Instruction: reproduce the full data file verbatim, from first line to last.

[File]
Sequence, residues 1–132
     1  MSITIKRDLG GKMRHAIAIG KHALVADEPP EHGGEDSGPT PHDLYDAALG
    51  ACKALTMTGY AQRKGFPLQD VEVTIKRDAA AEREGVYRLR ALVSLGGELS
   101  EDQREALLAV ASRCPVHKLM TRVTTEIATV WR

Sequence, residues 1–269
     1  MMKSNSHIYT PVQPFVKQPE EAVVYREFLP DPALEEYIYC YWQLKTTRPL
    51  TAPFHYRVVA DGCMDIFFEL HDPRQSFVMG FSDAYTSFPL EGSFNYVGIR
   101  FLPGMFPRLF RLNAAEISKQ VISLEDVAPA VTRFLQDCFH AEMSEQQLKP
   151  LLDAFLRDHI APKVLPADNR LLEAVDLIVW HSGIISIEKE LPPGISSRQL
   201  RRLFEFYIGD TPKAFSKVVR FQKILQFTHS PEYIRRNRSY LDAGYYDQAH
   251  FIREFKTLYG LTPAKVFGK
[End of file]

Sequence, residues 1–132
     1  MSITIKRDLG GKMRHAIAIG KHALVADEPP EHGGEDSGPT PHDLYDAALG
    51  ACKALTMTGY AQRKGFPLQD VEVTIKRDAA AEREGVYRLR ALVSLGGELS
   101  EDQREALLAV ASRCPVHKLM TRVTTEIATV WR

Sequence, residues 1–269
     1  MMKSNSHIYT PVQPFVKQPE EAVVYREFLP DPALEEYIYC YWQLKTTRPL
    51  TAPFHYRVVA DGCMDIFFEL HDPRQSFVMG FSDAYTSFPL EGSFNYVGIR
   101  FLPGMFPRLF RLNAAEISKQ VISLEDVAPA VTRFLQDCFH AEMSEQQLKP
   151  LLDAFLRDHI APKVLPADNR LLEAVDLIVW HSGIISIEKE LPPGISSRQL
   201  RRLFEFYIGD TPKAFSKVVR FQKILQFTHS PEYIRRNRSY LDAGYYDQAH
   251  FIREFKTLYG LTPAKVFGK